Dr Zoidberg wrote:
I'd counter that with a "don't take the piss" as you don't want a vendor that hates you and will take a later higher offer from someone else.
This is important.
If you make an offer and it's accepted, the seller can pull out of the deal at any time up until the point that contracts are exchanged
for any reason, and with no financial penalty.
It's shit, and hopefully it won't happen to you (it's never happened to me) but it's always best to be prepared for it, as if it does happen you'll effectively have lost any money you spent on surveys etc. for that house.
Also, and this is also important, when it comes time to set dates for exchanging contracts (which is when you officially pay the deposit) and completing (which is when you get the keys and the mortgage "begins"), always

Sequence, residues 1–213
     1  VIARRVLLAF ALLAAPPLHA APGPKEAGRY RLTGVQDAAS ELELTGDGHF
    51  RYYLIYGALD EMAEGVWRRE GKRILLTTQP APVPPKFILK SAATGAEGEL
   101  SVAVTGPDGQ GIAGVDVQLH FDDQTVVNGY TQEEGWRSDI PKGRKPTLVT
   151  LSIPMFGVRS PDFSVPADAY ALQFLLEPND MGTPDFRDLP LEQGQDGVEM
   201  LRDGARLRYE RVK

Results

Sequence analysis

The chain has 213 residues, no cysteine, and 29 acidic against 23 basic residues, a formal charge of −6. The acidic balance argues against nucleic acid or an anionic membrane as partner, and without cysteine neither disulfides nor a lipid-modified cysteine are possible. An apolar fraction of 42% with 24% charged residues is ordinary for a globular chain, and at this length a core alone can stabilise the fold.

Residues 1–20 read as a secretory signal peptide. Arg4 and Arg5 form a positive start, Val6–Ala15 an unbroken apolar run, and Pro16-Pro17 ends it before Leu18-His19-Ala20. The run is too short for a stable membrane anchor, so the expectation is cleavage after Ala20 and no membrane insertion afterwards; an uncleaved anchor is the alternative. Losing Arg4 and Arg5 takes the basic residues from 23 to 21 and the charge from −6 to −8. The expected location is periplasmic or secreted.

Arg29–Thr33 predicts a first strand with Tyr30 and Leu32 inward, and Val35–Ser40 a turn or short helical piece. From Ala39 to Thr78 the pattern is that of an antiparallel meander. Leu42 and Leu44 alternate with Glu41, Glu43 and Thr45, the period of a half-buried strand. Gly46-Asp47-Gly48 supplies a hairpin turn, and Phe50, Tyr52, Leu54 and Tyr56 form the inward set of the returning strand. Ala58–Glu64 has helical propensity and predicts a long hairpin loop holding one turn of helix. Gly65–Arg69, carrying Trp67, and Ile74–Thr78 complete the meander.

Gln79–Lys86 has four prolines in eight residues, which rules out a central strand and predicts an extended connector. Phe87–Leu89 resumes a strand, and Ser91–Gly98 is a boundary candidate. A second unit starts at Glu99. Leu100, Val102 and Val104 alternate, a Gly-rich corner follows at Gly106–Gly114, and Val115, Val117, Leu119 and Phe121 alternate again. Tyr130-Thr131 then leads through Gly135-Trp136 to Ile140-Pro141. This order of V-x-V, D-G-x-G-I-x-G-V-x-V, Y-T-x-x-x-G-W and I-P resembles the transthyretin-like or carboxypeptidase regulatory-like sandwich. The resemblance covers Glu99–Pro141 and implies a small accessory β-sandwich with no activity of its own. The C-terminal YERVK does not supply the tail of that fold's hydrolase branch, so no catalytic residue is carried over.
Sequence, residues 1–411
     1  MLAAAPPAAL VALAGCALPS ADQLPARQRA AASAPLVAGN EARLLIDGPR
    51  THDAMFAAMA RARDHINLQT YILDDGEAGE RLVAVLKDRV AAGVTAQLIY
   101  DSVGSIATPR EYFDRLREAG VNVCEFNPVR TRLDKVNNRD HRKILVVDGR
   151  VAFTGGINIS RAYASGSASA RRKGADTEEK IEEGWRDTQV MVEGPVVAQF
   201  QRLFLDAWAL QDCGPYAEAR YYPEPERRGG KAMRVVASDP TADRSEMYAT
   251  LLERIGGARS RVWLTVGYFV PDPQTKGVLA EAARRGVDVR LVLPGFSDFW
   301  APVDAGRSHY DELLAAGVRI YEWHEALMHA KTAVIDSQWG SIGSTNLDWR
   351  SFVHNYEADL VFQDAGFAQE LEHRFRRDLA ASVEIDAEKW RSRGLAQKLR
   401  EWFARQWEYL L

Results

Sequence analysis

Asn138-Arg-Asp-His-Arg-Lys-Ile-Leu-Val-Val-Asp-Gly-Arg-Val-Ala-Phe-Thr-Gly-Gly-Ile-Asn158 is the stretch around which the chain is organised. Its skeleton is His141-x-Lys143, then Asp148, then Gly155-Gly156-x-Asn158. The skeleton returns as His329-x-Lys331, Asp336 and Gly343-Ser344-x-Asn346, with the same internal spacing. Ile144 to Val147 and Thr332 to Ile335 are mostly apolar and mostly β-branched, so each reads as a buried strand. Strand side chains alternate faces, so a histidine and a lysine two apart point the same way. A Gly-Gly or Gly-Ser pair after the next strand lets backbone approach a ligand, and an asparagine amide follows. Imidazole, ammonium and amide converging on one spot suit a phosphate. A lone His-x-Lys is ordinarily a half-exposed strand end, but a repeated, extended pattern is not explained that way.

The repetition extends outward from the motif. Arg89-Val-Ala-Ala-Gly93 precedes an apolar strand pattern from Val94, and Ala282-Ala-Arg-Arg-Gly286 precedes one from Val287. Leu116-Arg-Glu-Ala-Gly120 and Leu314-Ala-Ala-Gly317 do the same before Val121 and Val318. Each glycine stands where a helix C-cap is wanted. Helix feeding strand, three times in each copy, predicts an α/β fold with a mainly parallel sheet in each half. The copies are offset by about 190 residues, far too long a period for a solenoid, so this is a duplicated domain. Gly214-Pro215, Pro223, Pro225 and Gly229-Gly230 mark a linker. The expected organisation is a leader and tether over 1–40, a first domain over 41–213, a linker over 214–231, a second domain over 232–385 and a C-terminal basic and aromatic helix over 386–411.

leave at least two weeks between those dates (I think there's a maximum limit of a month, depending on the mortgage provider)
The reason this is important is that there is a lot of stuff that happens between exchanging and completing, and things can still go south at this point (although if they do, the fact you've exchanged contracts means that you have some legal recourse to get monies back).
If you're exchanging and completing on the same day, your stress levels will be through the roof and if you've already made arrangements to move house and something goes wrong, you'll lose any costs for van hire, removals etc. and you can't claim those back!
Reading this back, it sounds very doom and gloom - try not to worry too much, put your offer in, get it accepted, start the solicitors off on their course and you'll be in your new house in no time
(oh, just one more thing - stay in constant contact with your solicitors to get updates on how things are going, many conveyancers are notoriously slow at dealing with stuff and it can make things drag on, if you make yourself a bit of a pain in the arse you're more likely to get things moving faster.)